Some could argue that reporting should be based on numbers and to let the numbers speak for themselves. Facts and figures might be black or white, but our interpretations of the information they present to us are much more colorful. Truth to someone subscribed to The New Yorker is different than truth to someone subscribed to Townhall. The facts revolving around NAFTA means two different things to a liberal elite in New England and a working class farmer in Oklahoma. A young black man in Louisiana and I, a young white woman, might be given the same data on police shootings, but our understanding of that information can vary widely. Our notions of what is true, accurate, and right are personal; it derives from our experiences and our upbringing. When we are presented with information that doesn’t fit with our personal brand of Truth, we disregard it. We claim media outlets are conduits for propaganda and refuse to listen to whatever legitimate thoughts they might have. We see a bias (a bias against our own beliefs, of course), understand that the prejudicial nature outweighs the substantial value of the information, critique it until we tire of it and throw it aside. Meanwhile, we either refuse to or are unable to question the information that fits our own political beliefs. While we consider the other side’s opinions to be meticulously engineered agendas crafted by the Liberal Elites or the Republican Pundits, our thoughts and opinions are instead the product of logical analysis and objectivity. We constantly demand that others critically engage with the propaganda they are fed while we lazily consume its counterpart, patting ourselves on the back for being so aware and savvy.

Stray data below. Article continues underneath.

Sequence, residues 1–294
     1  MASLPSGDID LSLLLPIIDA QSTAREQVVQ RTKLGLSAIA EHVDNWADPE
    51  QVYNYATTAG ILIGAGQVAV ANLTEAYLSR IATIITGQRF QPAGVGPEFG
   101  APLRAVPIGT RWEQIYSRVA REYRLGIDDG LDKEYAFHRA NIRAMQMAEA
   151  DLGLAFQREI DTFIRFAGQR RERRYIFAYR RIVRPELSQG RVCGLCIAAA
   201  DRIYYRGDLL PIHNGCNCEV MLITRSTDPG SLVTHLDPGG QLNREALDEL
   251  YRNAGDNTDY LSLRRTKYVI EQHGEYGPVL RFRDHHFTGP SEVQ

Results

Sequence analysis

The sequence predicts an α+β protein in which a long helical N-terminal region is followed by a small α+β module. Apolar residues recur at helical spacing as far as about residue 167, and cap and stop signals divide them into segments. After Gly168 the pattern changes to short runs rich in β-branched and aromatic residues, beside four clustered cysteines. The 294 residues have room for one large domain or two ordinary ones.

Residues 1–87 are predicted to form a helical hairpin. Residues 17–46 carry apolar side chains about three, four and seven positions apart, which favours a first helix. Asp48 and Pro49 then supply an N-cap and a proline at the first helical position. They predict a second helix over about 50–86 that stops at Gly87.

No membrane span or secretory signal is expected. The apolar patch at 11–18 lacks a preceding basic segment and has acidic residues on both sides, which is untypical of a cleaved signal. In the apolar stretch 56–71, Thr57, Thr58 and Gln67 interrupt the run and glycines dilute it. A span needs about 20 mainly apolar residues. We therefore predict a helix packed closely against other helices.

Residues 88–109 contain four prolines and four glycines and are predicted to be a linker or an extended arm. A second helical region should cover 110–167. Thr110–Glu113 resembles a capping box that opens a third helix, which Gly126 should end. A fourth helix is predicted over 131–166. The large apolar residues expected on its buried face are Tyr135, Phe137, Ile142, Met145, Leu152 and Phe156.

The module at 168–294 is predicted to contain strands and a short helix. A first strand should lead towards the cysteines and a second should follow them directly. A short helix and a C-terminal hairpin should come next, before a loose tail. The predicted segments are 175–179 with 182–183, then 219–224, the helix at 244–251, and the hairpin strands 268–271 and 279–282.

Can we dismantle the propaganda of propaganda? Probably not. It will be likely impossible  as long as humans act like humans. It is in our nature to pick a belief and hold on for dear life through thick and thin (ironically, for example, my own belief on propaganda). However, this isn’t to say we shouldn’t try to better ourselves. Question your own beliefs. Self-reflection is painful and awkward, but it’s worth it. Deviate from your normal routine and read articles from a publisher you vehemently disagree with. Question the validity of that one zinger on Last Week Tonight that made your friends laugh. It most likely won’t change any of your opinions. It might, instead, get you to think about how ingrained our own biases are and how they color the information we consume to the point where we don’t even know our vision is distorted. If everyone is a sheep, what makes you any different?

Caitlin Rueden

Pushing Forward